Letter to the Editor: Responding to “Ebenezer Land”

Public Housing: The Best-Kept Secret I think it's worth noting that the summary of the article on public housing that you quoted from us was "The best-kept secret about public housing is that most of it actually provides decent, affordable housing to many people. Properly run, it remains one of the best options for housing the poor." The quote you selected describes not something intrinsic to public housing, but what happens when it is designed and funded in a cynical manner by people who would like to see it fail. I encourage readers to explore the full article. Miriam Axel-Lute CEO/Editor-in-Chief Shelterforce

Ebenezer Land

Ebenezer Land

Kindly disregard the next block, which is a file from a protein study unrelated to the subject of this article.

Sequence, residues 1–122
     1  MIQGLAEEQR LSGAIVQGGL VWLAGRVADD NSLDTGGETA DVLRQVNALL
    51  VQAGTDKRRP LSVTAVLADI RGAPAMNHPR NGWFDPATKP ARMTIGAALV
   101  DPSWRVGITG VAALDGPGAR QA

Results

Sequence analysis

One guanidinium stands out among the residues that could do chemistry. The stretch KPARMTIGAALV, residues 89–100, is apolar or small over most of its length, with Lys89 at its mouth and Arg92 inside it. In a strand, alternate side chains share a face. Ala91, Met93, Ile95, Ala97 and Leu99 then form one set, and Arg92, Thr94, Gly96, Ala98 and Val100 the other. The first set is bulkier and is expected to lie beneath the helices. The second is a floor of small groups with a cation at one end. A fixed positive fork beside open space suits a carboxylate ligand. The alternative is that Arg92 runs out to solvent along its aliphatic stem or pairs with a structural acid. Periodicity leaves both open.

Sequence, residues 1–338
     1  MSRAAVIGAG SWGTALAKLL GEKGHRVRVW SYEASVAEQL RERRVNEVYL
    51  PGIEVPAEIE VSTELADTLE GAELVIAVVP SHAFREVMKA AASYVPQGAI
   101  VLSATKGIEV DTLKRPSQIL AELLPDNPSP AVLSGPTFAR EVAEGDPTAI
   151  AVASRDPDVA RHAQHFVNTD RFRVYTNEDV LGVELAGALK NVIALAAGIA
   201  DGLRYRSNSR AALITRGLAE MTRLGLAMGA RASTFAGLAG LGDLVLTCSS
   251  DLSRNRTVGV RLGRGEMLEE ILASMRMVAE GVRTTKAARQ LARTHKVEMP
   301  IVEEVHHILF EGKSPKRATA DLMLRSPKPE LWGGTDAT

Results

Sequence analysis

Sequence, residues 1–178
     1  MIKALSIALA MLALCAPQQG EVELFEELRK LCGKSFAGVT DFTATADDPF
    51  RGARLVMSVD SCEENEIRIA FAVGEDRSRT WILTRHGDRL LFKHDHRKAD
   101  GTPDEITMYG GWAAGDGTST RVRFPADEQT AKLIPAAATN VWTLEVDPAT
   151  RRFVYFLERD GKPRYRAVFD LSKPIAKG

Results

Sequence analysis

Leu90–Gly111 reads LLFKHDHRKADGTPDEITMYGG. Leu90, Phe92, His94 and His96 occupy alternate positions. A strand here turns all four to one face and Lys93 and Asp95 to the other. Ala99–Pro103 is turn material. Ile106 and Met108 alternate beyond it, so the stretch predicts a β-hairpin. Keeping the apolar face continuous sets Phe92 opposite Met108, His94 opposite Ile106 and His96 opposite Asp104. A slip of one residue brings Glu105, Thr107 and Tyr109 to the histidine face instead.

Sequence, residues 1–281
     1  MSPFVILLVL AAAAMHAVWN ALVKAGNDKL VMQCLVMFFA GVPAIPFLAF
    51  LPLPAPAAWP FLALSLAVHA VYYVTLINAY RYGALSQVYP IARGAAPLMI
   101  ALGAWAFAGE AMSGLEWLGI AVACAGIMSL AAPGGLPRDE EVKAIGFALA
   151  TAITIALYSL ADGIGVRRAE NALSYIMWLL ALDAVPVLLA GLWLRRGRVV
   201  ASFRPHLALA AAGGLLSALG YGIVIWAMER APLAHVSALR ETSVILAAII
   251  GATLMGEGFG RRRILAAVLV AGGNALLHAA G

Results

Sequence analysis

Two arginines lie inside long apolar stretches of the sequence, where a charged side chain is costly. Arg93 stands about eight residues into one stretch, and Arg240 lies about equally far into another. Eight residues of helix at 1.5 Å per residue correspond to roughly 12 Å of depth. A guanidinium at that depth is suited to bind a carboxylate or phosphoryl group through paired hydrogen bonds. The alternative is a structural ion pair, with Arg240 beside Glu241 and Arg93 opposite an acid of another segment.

By DWIGHT HOBBES “Affordable a misnomer of sorts: affordability implies the ability to pay for something given your budget”, think tank Cato Institute noted in a 2016 blog. Anyone of modest means looking for someplace to live who has run into what”™s being marketed as “affordable” can tell you just what a misnomer that is. It begs the cynical retort, affordable to whom? On top of which, rents and income have gone in opposite directions for some time and the contagion certainly didn”™t help, putting people out of work left and right. Ebenezer Park Apartments (photo courtesy of Ebenezer) Enter Ebenezer Park Apts., which doesn”™t solve that problem for everyone, but does give the elderly and disabled, including deaf tenants, a sorely needed break. Starting with the wallet, but, importantly, not ending there. Paramount, it goes without saying, is the difference between dispiritedly perusing ads for places priced out of your range and being asked one-third of your income ”“ whatever that happens to be. Plus, there”™s no application fee. It defies reason as how companies and organizations, whose selling card is affordability, charge at least $35, non-refundable, with a straight face just to fill out an application. Claiming it”™s to cover the background check is just so much bilge water. Ebenezer can find out whether you got booked for loitering and doesn”™t pocket a dime in the process. We”™re not talking public housing, which generally, how little you pay, is no bargain. documents, "Public housing , to a cycle of government neglect and under-funding which, in turn, led to poor construction design, inadequate maintenance, racial segregation, stigmatization, and further concentration of the very poor." In parts of Minneapolis, it also fosters veritable drug and prostitution franchises. Conversely, Ebenezer is a [...]